James, the earlier accomplice affected clerical attire, and in 1791 'was living in a Westphalian monastery, to which he some years ago retired, in an enviable state of peace and penitence, respected for his talents, and loved for his amiable manners, by which he is distinguished in an eminent degree.' The other ruffian, Lowe by name, was known to his own Bloomsbury Square for a philanthropic and cultured gentleman, yet only suicide saved him from the gallows. And while Barrington was wise in the choice of his servants, his manners drove even strangers to admiration. Policemen and prisoners were alike anxious to do him honour. Once when he needed money for his own defence, his brother thieves, whom he had ever shunned and despised, collected L100 for the captain of their guild. Nor did gaoler and judge ever forget the respect due to a gentleman. When Barrington was tried and condemned for the theft of Mr. Townsend's watch at Enfield Races—September 15, 1790, was the day of his last transgression—one knows not which was the more eloquent in his respect, the judge or the culprit.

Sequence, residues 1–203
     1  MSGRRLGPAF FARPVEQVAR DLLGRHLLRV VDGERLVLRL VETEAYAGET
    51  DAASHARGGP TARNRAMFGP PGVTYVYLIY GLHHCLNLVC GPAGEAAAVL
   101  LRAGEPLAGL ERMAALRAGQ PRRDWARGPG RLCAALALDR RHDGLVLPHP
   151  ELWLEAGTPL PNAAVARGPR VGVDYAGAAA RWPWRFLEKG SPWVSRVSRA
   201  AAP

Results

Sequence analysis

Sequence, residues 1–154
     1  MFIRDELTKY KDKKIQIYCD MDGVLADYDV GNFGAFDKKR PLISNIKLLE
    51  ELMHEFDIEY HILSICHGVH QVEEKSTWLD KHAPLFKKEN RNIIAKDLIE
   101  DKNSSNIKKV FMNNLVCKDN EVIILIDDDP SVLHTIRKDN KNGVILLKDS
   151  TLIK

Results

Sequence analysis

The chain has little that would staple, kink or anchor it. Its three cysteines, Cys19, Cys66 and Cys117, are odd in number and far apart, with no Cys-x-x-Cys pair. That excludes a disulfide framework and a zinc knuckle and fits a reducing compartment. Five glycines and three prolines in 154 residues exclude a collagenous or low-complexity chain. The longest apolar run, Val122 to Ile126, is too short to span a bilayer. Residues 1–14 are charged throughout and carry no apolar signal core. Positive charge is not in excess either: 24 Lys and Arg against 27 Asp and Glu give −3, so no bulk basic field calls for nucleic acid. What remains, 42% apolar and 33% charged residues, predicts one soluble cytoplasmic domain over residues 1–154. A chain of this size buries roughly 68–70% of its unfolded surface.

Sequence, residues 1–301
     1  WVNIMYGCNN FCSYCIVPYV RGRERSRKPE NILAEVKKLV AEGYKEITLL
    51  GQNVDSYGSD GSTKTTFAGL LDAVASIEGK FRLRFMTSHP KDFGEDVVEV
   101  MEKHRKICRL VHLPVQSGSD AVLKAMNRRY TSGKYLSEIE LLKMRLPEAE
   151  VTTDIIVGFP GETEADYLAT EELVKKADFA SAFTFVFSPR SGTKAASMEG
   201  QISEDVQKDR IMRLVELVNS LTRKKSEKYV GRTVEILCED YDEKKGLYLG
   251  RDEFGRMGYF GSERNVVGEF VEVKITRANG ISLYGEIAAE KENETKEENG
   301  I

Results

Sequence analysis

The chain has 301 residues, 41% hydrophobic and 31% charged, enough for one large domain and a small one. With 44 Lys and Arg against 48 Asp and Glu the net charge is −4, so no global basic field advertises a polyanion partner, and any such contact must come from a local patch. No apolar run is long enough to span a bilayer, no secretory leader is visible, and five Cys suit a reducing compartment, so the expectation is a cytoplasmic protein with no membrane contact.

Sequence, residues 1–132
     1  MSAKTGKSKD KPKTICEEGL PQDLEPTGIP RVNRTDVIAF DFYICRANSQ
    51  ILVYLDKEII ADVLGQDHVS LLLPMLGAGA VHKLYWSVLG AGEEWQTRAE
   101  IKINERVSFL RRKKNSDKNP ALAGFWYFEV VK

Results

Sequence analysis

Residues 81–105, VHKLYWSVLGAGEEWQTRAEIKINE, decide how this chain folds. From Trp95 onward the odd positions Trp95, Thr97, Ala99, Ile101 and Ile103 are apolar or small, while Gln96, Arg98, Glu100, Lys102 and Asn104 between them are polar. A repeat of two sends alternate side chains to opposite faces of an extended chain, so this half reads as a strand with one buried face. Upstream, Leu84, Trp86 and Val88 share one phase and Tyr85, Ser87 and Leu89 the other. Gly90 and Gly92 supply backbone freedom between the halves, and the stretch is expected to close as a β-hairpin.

But it was not until the pickpocket set out for Botany Bay that he took full advantage of his gentlemanly bearing. To thrust 'Mr.' Barrington into the hold was plainly impossible, even though transportation for seven years was his punishment. Wherefore he was admitted to the boatswain's mess, was allowed as much baggage as a first-class passenger, and doubtless beguiled the voyage (for others) with the information of a well-stored mind. By an inspiration of luck he checked a mutiny, holding the quarter-deck against a mob of ruffians with no weapon but a marline-spike. And hereafter, as he tells you in his 'Voyage to New South Wales,' he was accorded the fullest liberty to come or go. He visited many a foreign port with the officers of the ship; he packed a hundred note-books with trite and superfluous observations; he posed, in brief, as the captain of the ship without responsibility. Arrived at Port Jackson, he was acclaimed a hero, and received with obsequious solicitude by the Governor, who promised that his 'future situation should be such as would render his banishment from England as little irksome as possible.' Forthwith he was appointed high constable of Paramatta, and, like Vautrin, who might have taken the youthful Barrington for another Rastignac, he ended his days the honourable custodian of less fortunate convicts. Or, as a broadside ballad has it,